A Blog by Jonathan Low

 

Sep 19, 2018

New AI Strategy Mimics How the Brain Learns To Smell

Using all the human senses to figure out how to better empower AI. JL


Jordana Cepelewicz reports in Quanta:

Scientists trying to gain a better understanding of how organisms process chemical information have uncovered coding strategies that seem especially relevant to problems in AI. Olfactory circuits bear striking similarities to more complex brain regions that have been of interest in the quest to build better machines. Computer scientists are now beginning to probe those findings in machine learning contexts.

Future Robot Taxis Could Charge Themselves

At least one clever solution to a problem inhibiting growth in of electric cars. JL


Elizabeth Woyke reports in MIT Technology Review:

There are only 20,000 charging stations for electric vehicles in the US. (There are more than 125,000 gas stations for conventional cars.) Major economies (China, Europe, India, and the US) will need to invest $55 billion in charging infrastructure by 2031 to support the 140 million electric vehicles that will be on the road then. Wireless charging called magnetic resonance takes energy from the electric grid, feeds it into a copper coil on the ground, creating a magnetic field. When a coil attached to the bottom of the car comes within range of this field, an electric current is generated, to charge the car’s battery

Google's Chinese Search To Censor Results, Provide Only Gov't Approved Data

Don't be evil versus don't miss a billion new customers. JL

Tim Cushing reports in Tech Dirt:

Google's prototypes of the search engine linked the search app on a user’s Android smartphone with their phone number. This means individual people’s searches could be easily tracked – and any user seeking out information banned by the government could potentially be at risk. (It) contains a blacklist of terms like "human rights," "student protest," and "Nobel Prize." Dragonfly was “ hardcoded to force [Chinese-provided] data.”

Home Buying Goes Algorithmic

As anyone who has bought or sold a home is likely to say, 'if only it were that easy.' JL 

Ryan Dezember reports in the Wall Street Journal:

Adapting (a) system for valuing mortgage-backed securities to churn out acquisition leads, estimate renovation costs and predict rental yields for a plan to use pattern-recognition software to identify mispriced homes. Besides screening for quantifiable characteristics like age, number of rooms, square footage, school district, property taxes and flood-zone status, it attempts to measure qualitative aspects and uses algorithms to predict future value. (But) “going from 40,000 houses to 12 is a machine problem.Going from 12 to one is a human problem.”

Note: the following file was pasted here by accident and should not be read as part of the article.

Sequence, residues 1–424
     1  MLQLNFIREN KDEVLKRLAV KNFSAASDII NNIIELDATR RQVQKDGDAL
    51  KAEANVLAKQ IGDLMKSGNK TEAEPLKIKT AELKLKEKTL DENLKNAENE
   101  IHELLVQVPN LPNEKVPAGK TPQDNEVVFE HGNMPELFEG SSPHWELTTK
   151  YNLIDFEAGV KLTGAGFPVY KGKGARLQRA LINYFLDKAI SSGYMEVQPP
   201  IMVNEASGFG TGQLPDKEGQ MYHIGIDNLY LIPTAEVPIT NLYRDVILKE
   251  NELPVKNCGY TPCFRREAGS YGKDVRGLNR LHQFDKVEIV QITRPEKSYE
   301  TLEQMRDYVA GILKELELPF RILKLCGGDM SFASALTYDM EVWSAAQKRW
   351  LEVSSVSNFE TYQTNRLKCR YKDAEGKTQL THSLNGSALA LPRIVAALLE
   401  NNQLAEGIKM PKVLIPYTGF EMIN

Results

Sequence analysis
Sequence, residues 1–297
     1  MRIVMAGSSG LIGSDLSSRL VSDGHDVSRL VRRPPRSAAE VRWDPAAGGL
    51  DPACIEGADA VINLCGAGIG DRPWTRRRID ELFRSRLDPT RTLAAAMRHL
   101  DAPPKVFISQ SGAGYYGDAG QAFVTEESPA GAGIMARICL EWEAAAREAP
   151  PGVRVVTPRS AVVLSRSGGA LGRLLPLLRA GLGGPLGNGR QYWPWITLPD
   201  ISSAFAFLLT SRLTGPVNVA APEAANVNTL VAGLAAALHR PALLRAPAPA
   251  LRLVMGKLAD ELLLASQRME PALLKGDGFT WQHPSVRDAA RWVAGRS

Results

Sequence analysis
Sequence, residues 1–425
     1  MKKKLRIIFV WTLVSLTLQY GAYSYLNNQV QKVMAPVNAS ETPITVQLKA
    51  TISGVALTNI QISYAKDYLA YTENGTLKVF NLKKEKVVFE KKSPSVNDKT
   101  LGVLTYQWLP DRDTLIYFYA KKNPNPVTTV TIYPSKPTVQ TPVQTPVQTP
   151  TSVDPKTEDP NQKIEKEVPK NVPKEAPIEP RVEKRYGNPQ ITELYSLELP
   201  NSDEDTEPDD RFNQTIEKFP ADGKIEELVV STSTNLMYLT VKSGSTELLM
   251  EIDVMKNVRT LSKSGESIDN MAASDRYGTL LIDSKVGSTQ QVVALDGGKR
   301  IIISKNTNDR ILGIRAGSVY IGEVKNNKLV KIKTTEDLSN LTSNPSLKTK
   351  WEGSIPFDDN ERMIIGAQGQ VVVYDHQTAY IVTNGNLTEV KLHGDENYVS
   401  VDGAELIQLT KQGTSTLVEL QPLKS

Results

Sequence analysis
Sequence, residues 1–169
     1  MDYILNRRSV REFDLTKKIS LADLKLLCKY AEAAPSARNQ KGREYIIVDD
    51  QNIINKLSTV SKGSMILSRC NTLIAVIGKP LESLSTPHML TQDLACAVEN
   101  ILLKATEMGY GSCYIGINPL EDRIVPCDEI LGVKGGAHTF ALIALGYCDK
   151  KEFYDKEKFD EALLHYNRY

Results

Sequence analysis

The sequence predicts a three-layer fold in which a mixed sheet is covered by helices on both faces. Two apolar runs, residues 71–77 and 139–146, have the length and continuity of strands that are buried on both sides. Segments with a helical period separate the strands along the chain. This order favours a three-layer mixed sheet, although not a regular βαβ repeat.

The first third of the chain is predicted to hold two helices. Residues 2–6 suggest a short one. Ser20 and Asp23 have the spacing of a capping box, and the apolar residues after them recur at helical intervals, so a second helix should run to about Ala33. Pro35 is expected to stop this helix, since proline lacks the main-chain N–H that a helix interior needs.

Amazon Is Stuffing Research Result Pages With Ads - And They're Working

Pay to play goes digital. JL

Rani Molla reports in Re/code:

Sponsored ads allow vendors to bid to have their products show up when consumers type in a related search term. “Nobody is scrolling beyond the first page when they do a search.” If you’re Duracell, you can pay to have your product show up above search results when someone types in “batteries.” Spending on sponsored products in Amazon’s search increased 165% in the second quarter of 2018. The competition for brands to bid on their own or others’ keywords is leading toward an “escalating race where the trends are to spend more money to buy more ads to have better visibility on Amazon.”

Why We Need To Update Financial Reporting For the Digital Era

Value is increasingly more intangible than tangible. And financial reporting fails to capture it. That leads to misallocation of resources, misinterpretation of crucial data and misrepresentation of performance. JL

Vijay Govindarajan and colleagues report in Harvard Business Review:

Financial statements fail to capture the value created by digital companies. The market caps of Apple, Alphabet, Amazon, and Microsoft exceed $3 trillion. Their combined assets of $944 billion are an order of magnitude lower than the combined assets of the largest 3,177 companies in 1986. Financial capital is assumed to be unlimited, while human capital is in short supply. Risk is now a feature, not a bug. Investors are paying more attention to ideas and options than to earnings. Accounting is no longer considered a value-added function. Analysts increasingly rely on non-GAAP metrics. 

Sep 18, 2018

Fixing Fast Fashion's Waste - With Biodegradable Clothes

'Fast fashion' is efficient because it creates new products quickly in response to fads or early successes, but it also generates uses a lot of water, chemicals and other materials, while creating tremendous waste due to turnover.

The innovative use of materials created from natural organisms may provide the same speed - but eliminate the cost and excess that fast processes produce. JL


Erica Cirino reports in Scientific American:

When a piece of clothing wears out or goes out of fashion, it gets tossed in the trash; clothes made up 9% of all solid waste produced in the U.S. Innovators are using live organisms to grow biodegradable textiles, creating environmentally friendly materials in the laboratory—and producing near-complete items without factory assembly. Organisms can be grown to fit molds, producing the precise amount of textile needed and dyes from seeds and leaves eliminates waste at the production phase.